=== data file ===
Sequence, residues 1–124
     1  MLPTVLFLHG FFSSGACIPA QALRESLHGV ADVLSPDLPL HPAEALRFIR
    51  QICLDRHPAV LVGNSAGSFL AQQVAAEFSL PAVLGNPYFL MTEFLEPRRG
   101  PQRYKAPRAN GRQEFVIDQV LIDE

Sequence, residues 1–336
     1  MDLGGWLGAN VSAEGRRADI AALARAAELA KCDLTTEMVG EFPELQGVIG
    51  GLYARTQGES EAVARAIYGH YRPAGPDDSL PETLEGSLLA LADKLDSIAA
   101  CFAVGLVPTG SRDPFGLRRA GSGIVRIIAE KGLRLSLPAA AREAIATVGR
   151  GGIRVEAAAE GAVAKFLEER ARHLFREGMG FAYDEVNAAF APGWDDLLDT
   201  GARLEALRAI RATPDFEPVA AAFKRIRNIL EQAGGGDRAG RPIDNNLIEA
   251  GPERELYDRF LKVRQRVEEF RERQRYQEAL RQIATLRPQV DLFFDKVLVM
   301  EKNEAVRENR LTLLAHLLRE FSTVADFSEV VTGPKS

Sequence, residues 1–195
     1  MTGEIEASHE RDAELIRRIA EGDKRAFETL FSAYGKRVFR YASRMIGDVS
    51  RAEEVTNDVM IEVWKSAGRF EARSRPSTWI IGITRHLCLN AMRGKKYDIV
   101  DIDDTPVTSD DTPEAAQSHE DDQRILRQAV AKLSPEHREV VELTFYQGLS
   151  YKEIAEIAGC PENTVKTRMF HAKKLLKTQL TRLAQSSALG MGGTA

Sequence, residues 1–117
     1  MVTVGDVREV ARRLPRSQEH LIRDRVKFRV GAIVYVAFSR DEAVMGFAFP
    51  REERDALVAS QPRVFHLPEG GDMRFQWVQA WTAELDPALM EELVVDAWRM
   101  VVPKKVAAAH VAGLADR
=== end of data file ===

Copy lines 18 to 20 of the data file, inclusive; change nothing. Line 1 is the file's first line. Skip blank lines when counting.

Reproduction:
Sequence, residues 1–117
     1  MVTVGDVREV ARRLPRSQEH LIRDRVKFRV GAIVYVAFSR DEAVMGFAFP
    51  REERDALVAS QPRVFHLPEG GDMRFQWVQA WTAELDPALM EELVVDAWRM